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Capturing history: Clean coal project in Estevan is online

SaskPower’s most expensive project ever is now in full functioning flight.
Boundary Dam Power Station.
Saskatchewan Premier Brad Wall smiles form ear to ear prior to snipping the ribbon to mark the opening of the carbon capture project at Boundary Dam Power Station.

SaskPower’s most expensive project ever is now in full functioning flight.

Clean coal is no longer an oxymoron, said Saskatchewan’s Premier Brad Wall Thursday morning as he and other provincial officials cut a ribbon to officially declare the Boundary Dam carbon capture plant, attached to the Unit 3 power unit, open.

In fact, the island that captures 90 per cent of the unit’s noxious carbon dioxide and 100 per cent of the sulphur dioxide had been functioning since Sept. 14 when the full-court press on the test runs were initiated.

On the Wednesday afternoon prior to the Oct. 2  official launch, Cenovus Energy Inc., the recipient of the CO2, picked up the gas right from the plant when it entered their pipeline that is attached directly to the capture plant, sending it to their nearby well sites to be used for enhanced oil recovery systems.

“It was 2,300 hundred tonnes, and we’re being paid for it,” said SaskPower president and CEO, Robert Watson, after stating to an applauding audience of about 250 invited guests, that “It works. It’s working.” 

“We started picking the CO2 up at 3 p.m. yesterday,” said Cenovus spokeswoman Jessica Wilkinson who made the trip from the company’s Calgary headquarters to attend the celebration and who spoke with the Mercury following the official launching ceremonies.

“No glitches, the quality is very high.”

The carbon capture capabilities at Saskatchewan’s largest power production plant, now provides SaskPower with another option in which to address greenhouse gas emissions and emerging environmental regulations.

Wall said the province’s quest for balance with regards to doing what’s best for the economy and the environment led them to this particular project and this specific day of celebration.

“We had a choice of low-cost energy versus higher cost but better for the environment decisions … until today,” said Wall, noting that 1,200 new coal fired plants were being planned around the world as he spoke. “That’s why coal is still part of the mix. There is reason for hope as of today. The message is that maybe there is more choice after all.”

Wall said the message has been sent that technological solutions can be found, noting that the new capture system includes zero fly ash emissions, too, as well as nearly eliminating all the CO2 and all the SO2.

“This is the first generation of this technology and it has received a lot of media coverage,” the premier said, thanking the federal government for its $240 million cash injection into the $1.4 billion project at the early stage of development, in 2010.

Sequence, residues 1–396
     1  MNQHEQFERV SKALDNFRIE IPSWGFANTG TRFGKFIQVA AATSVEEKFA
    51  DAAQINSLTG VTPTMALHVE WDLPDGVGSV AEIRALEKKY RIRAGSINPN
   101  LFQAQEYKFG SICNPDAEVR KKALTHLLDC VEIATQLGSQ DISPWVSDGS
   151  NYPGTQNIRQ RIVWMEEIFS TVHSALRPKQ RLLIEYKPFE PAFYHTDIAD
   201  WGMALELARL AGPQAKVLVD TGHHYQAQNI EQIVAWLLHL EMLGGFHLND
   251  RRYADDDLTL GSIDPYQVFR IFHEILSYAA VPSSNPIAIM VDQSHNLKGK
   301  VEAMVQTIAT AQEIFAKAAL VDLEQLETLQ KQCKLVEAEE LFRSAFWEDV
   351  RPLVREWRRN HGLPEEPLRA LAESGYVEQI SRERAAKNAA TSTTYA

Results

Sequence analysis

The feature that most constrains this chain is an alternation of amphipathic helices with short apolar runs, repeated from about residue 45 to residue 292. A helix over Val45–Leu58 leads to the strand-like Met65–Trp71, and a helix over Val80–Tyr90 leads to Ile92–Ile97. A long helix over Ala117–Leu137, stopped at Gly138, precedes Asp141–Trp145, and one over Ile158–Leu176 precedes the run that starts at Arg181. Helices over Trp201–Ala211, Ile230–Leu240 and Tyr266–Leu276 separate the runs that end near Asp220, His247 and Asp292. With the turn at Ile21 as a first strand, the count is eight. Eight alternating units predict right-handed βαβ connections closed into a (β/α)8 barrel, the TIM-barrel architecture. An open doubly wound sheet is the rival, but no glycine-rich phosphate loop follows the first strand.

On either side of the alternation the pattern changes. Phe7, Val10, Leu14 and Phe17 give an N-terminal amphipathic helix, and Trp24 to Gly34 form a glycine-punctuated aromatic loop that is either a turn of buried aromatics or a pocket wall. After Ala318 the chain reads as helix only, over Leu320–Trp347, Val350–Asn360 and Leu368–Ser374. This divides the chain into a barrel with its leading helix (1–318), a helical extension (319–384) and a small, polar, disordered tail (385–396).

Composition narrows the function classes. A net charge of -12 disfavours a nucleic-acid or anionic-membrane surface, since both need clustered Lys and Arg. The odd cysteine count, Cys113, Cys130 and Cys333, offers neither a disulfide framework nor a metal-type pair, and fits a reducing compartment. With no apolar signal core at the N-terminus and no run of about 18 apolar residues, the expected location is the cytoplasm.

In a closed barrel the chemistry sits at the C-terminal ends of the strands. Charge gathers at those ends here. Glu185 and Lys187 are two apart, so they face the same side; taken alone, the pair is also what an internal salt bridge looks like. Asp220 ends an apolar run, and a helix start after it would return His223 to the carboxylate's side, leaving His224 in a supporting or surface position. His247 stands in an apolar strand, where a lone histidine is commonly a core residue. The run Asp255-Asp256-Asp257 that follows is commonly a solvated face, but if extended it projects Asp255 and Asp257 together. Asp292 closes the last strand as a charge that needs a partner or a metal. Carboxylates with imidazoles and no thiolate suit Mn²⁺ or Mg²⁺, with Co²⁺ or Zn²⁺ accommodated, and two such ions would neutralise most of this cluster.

He said the decision to move forward with the project was not an easy one, but rather one filled with a lot of discussion and tension, but thanks to the professionalism of the SaskPower team, including their board and dedicated unionized employees, they’ve managed to put the words clean coal back into the vernacular as to what SaskPower can provide.

Greg Rickford, Canada’s Minister of Natural Resources, was also on hand, noting that the federal government was on board as early as 2008. It was also noted that Souris-Moose Mountain MP Ed Komarnicki had been championing the project since its inception, said the company’s leader.

“Saskatchewan’s resource economy is becoming a powerhouse, an energy super power and it’s on the leading edge of clean technology,” said Rickford. “Sorry Mr. Obama, we’re leading the way. This project represents a major step forward for clean technology,” he added.

With Saskatchewan now in a position of global leadership in the removal of carbon dioxide in a commercial-sized generating unit, there was speculation as to what the next steps would be.

One million tonnes of CO2 is being removed, the equivalent of taking 250,000 gasoline powered vehicles off the road annually, while still producing 110 to 115 megawatts of electrical power into the provincial grid.

“Saskatchewan’s expertise will be in high demand,” said Rickford. “The world will be looking to Saskatchewan for responsible resource development in the future.”

Watson noted that the project involved over 1,700 contributors, especially the construction crews.

“Coal is not going away,” said Wall, following the viewing of a short video that showed the progress from planning stages to construction completion.

“Not too many people get to celebrate something as big as this every day, so enjoy,” said Watson.